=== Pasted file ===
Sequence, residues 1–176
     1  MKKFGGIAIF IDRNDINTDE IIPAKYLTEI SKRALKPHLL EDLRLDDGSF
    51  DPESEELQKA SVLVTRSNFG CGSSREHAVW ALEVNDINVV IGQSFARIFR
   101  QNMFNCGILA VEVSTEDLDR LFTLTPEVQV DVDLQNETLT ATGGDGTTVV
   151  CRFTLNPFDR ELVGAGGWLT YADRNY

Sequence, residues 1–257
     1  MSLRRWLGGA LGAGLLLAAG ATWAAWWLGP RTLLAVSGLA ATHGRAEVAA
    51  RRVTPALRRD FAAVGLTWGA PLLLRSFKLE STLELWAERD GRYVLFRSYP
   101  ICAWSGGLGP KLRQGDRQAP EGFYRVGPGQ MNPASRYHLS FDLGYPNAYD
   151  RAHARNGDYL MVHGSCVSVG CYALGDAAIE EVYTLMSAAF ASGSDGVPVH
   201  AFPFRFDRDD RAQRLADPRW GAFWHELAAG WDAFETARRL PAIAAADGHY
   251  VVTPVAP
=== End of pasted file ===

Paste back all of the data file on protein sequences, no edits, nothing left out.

Sequence, residues 1–176
     1  MKKFGGIAIF IDRNDINTDE IIPAKYLTEI SKRALKPHLL EDLRLDDGSF
    51  DPESEELQKA SVLVTRSNFG CGSSREHAVW ALEVNDINVV IGQSFARIFR
   101  QNMFNCGILA VEVSTEDLDR LFTLTPEVQV DVDLQNETLT ATGGDGTTVV
   151  CRFTLNPFDR ELVGAGGWLT YADRNY

Sequence, residues 1–257
     1  MSLRRWLGGA LGAGLLLAAG ATWAAWWLGP RTLLAVSGLA ATHGRAEVAA
    51  RRVTPALRRD FAAVGLTWGA PLLLRSFKLE STLELWAERD GRYVLFRSYP
   101  ICAWSGGLGP KLRQGDRQAP EGFYRVGPGQ MNPASRYHLS FDLGYPNAYD
   151  RAHARNGDYL MVHGSCVSVG CYALGDAAIE EVYTLMSAAF ASGSDGVPVH
   201  AFPFRFDRDD RAQRLADPRW GAFWHELAAG WDAFETARRL PAIAAADGHY
   251  VVTPVAP